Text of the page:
As you picture that, ask yourself, “What would I do to maximize my pay? What would maximize the Personal ROI for my investment of time and effort?”

Explore that more deeply with questions like:

  • What kinds of things would you be doing? Why? (As in, what is it about doing that that would give you a high Personal ROI?)
  • What kind of difference would you be making? What is important/inspiring/compelling about that?
  • What kind of people would you be working with?
  • What feelings would I get paid in? What gives me those feelings?
  • What feels meaningful?
  • What do I care about?
  • When do I lose myself?
  • When am I at my best? Why am I at my best then?

The thing I love about this idea is that it removes the piece of the puzzle that tends to muddy things up for people – how much money can I make? – and focuses your attention on, “How can I feel the way I want to feel?”

Once you have a better understanding of that, you can apply that insight to building a career that lets you both thrive and feel alive.

Ask, “How can I experience more of that? Where are the opportunities to build more of that into what I do now? Where are the opportunities to move toward more of that in my career path?”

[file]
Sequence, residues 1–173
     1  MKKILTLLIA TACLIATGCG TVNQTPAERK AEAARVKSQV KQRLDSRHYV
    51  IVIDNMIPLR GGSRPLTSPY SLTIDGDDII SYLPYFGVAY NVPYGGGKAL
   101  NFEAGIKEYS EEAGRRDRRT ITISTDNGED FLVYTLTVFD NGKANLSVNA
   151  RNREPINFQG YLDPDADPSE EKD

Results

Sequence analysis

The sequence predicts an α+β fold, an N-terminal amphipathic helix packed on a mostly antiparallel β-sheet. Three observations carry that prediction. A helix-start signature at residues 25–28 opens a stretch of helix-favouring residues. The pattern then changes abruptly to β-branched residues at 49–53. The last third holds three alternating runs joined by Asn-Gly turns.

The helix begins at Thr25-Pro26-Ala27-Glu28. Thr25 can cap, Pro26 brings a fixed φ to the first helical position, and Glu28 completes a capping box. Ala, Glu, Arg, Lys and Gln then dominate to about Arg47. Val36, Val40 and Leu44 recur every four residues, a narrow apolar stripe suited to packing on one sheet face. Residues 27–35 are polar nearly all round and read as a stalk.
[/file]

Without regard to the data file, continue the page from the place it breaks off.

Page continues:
And then create that, step-by-step, choice-by-choice.

How about you? How would you maximize your Personal ROI?

Brought to you by Curt Rosengren, Passion Catalyst TM

Time for a career change? Start with
The Occupational Adventure Guide


Year-in-Review Question: Would I be happy with 10 more years of this?


One of the things that frequently keeps us stuck in what doesn’t work is an overly narrow view of what we’re experiencing.

Let’s say you’re unhappy with your work. You know you need to make a change, but the idea of actually taking action on that kicks up a bucketload o’ fear and discomfort.

And when that fear comes up you automatically put it on a scale. Maybe consciously, maybe unconsciously. “Which of these feels more painful? The job I dislike, or the fear and uncertainty of making a change?”

All too often the fear ends up feeling heavier, and so nothing changes.

Make sure you’re making the right comparison